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Re: [wg14/wg21 liaison] (SC22WG14.19256) C memory object model study group - uninitialised reads and padding

From: Anthony Williams <anthony_at_[hidden]>
Date: Thu, 15 Apr 2021 08:44:38 +0100
On 14/04/2021 20:09, Uecker, Martin via Liaison wrote:
> Am Mittwoch, den 14.04.2021, 21:51 +0300 schrieb Ville Voutilainen:
>> On Wed, 14 Apr 2021 at 21:47, Jens Gustedt via Liaison
>> <liaison_at_[hidden]> wrote:
>>> Am 14. April 2021 20:07:18 MESZ schrieb JF Bastien <cxx_at_[hidden]>:
>>>> On Wed, Apr 14, 2021 at 11:00 AM Uecker, Martin <Martin.Uecker_at_[hidden]> wrote:
>>>>> Am Mittwoch, den 14.04.2021, 08:54 -0700 schrieb JF Bastien via Liaison:
>>>>>> On Tue, Apr 13, 2021 at 11:40 AM Peter Sewell <Peter.Sewell_at_[hidden]>
>>>>>> wrote:
>>>>>>> - reading uninitialised representation bytes and padding bytes is also
>>>>>>> necessary for other bytewise polymorphic operations: memcmp, marshalling,
>>>>>>> encryption, and hashing (deferring what one knows about the results of
>>>>>>> such reads for a moment). It's not clear how generally these operations
>>>>>>> have to be supported, and we would like more data. Atomic cmpxchg on large
>>>>>>> structs, implemented with locks, would do a memcmp/memcpy combination (in
>>>>>>> fact is described as such in the standard).
>>>>>> For atomics with padding, C++20 adopted the following change (and I expect
>>>>>> that compilers will implement it in previous versions as well):
>>>>>> http://wg21.link/P0528
>>>>> I am not terribly excited about this solution.
>>>>> I think C should stick to the memcmp/memcpy semantics of cmpxchg
>>>>> which operate on the representation including padding. This fits
>>>>> to the hardware instructions, simplifies compiler design (no
>>>>> need to look into each type), is easy to explain, handles all
>>>>> cases consistently including unions, and is what most
>>>>> C programmers would expect.
>>>> OK, but it doesn't work, as explained in the paper.
>>> Well, there is actually not much of an explanation in the paper.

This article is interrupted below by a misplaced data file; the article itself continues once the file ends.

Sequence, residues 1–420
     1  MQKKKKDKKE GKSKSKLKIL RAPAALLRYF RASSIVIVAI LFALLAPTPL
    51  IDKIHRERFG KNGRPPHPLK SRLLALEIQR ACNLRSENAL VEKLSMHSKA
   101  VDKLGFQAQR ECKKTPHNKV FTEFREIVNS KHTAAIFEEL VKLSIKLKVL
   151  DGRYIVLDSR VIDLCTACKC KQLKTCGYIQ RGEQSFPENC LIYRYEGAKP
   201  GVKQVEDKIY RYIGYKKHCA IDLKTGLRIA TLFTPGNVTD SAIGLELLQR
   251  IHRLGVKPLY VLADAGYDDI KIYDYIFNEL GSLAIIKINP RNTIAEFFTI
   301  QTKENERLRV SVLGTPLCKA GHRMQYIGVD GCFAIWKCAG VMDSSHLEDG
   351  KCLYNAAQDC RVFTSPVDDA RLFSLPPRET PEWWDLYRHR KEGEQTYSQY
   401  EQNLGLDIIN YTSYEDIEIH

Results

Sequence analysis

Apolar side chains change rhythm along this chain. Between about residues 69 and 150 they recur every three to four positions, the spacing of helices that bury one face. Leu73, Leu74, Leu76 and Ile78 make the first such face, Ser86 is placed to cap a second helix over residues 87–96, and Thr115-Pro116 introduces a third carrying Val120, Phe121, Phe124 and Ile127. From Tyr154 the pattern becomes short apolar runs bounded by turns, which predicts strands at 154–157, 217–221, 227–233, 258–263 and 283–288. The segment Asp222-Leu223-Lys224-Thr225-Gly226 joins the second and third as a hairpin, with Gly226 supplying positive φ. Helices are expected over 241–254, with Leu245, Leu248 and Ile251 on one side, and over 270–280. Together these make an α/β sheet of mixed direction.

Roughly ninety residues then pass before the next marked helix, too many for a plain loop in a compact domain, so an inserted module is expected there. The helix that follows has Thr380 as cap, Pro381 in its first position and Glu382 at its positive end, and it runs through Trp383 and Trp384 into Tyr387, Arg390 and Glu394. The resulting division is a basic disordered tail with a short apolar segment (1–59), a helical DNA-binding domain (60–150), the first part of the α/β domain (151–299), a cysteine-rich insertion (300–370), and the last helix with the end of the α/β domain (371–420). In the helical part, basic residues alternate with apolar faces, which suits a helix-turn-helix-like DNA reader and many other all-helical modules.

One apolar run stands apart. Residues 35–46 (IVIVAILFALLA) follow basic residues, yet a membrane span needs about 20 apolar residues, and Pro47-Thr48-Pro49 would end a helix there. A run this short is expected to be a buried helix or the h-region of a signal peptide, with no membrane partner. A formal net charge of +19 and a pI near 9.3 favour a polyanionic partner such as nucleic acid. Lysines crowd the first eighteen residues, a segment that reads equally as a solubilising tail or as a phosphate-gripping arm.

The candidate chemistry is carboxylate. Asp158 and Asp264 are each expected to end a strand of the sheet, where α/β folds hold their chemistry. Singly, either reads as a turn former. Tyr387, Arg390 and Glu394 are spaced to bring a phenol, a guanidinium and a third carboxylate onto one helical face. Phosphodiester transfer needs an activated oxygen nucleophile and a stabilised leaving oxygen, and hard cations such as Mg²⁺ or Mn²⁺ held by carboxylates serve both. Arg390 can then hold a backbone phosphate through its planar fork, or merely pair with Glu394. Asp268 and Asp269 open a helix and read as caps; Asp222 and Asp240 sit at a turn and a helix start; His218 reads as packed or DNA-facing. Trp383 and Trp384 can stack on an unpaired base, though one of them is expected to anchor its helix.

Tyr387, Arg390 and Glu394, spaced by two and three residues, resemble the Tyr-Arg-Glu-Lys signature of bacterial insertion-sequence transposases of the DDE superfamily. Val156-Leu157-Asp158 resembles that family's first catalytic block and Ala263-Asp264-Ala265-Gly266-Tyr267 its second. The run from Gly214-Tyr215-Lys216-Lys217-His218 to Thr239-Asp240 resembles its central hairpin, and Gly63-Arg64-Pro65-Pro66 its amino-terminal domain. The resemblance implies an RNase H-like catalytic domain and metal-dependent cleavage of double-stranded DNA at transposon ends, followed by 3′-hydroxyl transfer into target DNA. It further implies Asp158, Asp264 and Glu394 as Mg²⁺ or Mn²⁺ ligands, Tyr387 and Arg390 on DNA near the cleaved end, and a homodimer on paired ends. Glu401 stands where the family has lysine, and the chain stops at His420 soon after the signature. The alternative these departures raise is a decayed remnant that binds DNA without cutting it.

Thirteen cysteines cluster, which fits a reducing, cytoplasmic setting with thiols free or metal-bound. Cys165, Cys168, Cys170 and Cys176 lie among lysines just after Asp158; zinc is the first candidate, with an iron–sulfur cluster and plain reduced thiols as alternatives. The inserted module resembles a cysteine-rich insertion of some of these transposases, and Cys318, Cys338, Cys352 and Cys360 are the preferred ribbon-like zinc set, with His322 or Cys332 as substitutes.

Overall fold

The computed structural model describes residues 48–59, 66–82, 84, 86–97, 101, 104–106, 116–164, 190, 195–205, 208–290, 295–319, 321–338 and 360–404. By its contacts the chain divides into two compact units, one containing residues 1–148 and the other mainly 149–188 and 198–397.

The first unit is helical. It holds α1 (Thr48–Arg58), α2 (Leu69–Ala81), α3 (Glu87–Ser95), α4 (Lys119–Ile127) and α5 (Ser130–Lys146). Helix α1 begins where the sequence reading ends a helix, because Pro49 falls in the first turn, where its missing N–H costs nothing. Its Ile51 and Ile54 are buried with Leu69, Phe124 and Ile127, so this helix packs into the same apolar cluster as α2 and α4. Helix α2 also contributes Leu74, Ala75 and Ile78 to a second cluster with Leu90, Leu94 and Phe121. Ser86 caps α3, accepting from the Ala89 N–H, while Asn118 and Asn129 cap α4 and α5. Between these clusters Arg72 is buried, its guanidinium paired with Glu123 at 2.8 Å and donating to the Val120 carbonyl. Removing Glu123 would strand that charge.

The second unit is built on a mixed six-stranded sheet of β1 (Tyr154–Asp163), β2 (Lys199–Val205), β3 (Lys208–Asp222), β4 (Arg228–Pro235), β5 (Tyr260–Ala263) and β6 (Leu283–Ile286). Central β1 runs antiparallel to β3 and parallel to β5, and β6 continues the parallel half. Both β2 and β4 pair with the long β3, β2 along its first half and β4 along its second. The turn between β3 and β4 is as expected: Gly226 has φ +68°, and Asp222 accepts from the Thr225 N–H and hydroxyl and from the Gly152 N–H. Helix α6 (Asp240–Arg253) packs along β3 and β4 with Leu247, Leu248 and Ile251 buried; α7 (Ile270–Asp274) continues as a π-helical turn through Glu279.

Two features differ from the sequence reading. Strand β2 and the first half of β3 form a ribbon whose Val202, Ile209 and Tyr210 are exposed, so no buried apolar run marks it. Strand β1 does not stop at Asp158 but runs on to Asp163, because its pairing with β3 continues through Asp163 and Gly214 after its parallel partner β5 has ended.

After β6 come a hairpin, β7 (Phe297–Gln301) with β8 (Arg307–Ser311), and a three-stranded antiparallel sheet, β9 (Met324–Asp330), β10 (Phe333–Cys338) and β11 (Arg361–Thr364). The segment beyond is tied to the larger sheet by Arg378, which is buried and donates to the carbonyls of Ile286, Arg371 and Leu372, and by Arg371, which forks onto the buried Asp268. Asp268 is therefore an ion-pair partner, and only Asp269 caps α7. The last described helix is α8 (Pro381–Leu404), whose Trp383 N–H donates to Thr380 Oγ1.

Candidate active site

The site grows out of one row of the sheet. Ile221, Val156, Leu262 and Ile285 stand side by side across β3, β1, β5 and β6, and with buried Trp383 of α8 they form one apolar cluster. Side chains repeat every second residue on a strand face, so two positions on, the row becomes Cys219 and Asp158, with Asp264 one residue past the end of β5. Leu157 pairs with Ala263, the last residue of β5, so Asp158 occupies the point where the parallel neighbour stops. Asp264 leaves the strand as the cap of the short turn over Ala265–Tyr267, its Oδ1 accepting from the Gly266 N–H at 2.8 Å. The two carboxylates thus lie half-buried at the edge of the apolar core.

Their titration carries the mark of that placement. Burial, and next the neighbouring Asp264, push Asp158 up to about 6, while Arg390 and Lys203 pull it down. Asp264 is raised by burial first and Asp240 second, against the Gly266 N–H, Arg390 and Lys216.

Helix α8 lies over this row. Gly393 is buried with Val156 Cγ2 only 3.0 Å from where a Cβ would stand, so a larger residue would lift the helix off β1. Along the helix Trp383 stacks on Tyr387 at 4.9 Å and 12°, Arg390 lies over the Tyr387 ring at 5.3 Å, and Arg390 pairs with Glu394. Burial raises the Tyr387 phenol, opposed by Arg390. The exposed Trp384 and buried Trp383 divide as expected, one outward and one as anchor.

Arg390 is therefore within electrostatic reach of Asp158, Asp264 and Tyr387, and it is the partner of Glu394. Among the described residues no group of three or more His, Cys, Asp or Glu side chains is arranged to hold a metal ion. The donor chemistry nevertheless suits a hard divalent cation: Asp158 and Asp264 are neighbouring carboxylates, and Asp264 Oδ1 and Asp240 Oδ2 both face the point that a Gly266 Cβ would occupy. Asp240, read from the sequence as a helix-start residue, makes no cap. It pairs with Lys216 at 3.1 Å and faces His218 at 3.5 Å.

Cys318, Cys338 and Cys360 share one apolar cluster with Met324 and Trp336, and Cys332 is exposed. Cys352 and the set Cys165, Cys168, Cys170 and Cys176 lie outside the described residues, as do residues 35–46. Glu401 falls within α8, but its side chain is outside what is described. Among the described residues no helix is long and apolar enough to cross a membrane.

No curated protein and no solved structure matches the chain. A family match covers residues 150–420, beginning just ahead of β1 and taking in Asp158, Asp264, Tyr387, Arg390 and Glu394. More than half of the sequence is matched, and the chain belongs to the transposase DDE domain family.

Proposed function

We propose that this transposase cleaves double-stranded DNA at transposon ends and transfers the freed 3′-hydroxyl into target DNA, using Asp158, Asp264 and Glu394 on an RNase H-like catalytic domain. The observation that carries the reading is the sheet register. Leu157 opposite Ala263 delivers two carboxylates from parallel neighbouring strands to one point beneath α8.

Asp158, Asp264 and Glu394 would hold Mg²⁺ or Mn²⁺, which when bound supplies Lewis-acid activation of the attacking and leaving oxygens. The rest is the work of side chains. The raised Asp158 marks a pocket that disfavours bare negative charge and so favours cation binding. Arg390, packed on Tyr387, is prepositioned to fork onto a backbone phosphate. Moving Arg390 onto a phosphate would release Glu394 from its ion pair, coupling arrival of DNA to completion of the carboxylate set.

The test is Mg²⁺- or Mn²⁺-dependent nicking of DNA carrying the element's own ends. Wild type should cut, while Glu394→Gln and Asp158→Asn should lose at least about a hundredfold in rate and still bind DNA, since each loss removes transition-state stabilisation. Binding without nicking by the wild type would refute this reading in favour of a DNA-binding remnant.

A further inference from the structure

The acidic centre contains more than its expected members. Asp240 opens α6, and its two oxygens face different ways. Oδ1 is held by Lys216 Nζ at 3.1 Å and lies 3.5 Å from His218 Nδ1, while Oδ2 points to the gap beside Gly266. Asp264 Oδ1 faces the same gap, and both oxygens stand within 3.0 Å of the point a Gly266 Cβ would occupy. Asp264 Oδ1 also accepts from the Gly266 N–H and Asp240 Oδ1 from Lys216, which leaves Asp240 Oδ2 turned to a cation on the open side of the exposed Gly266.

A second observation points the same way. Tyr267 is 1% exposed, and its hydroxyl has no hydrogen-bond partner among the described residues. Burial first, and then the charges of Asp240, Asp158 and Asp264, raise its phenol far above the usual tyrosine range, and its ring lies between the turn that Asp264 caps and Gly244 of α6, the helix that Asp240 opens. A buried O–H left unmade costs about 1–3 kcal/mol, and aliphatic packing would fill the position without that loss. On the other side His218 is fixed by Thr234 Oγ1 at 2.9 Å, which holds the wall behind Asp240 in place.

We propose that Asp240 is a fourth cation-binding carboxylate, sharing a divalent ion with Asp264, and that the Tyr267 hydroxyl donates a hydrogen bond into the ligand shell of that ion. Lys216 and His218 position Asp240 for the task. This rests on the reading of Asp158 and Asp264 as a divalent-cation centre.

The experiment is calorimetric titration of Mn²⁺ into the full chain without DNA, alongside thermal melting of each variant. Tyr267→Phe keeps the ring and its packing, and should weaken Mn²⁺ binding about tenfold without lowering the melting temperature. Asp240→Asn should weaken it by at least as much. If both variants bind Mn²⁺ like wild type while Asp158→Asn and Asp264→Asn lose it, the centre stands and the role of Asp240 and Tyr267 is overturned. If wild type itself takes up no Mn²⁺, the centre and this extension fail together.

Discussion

>>> And doesn't work isn't much of a description
>> You need to look at the R0 revision
>> http://www.open-std.org/jtc1/sc22/wg21/docs/papers/2016/p0528r0.html
> The closest thing which could apply to C is the following:
> Padded infloop_maybe(Atomic* atomic) {
> Padded desired; // Padding unknown.
> Padded expected; // Could be different.
> peek("desired before", &desired);
> peek("expected before", &expected);
> peek("atomic before", atomic);
> while (
> !atomic->compare_exchange_strong(
> expected,
> desired // Padding bits added and removed here ˙ ͜ʟ˙
> ));
> peek("expected after", &expected);
> peek("atomic after", atomic);
> return expected; // Maybe changed here as well.
> }
> But the claim that this can loop indefinitely seems wrong.
> The padding of desired is irrelevant.
> If the padding of 'expected' is different from
> the padding of 'atomic', then there is one additional
> executation of the loop where 'expected' is
> updated to a version with the right padding. Then
> in the next round the compare exchange succeeds.

I agree with this. However, that is not where the problem lies, as I see it.

Atomic atomic;
Padded some_value=init();

Thread 1:

Thread 2:
Padded local=some_value;
Padded new_value=whatever();


Note this is an "if", not a "while" --- I am checking to see if thread 1
did its write before thread 2 or after.

If padding bits are counted in the comparison, then the compare may not
succeed, even if the value is the expected one, because the padding bits
in "local" might not match those in "some_value", or the padding bits
written to "atomic".

For padding bits to count in the comparison in compare_exchange_strong,
we must ensure that they are preserved everywhere.

C++ explicitly does not preserve them, so they cannot be part of the
comparison. C can make a different choice.


Author of C++ Concurrency in Action     http://www.stdthread.co.uk/book/
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Received on 2021-04-15 02:44:47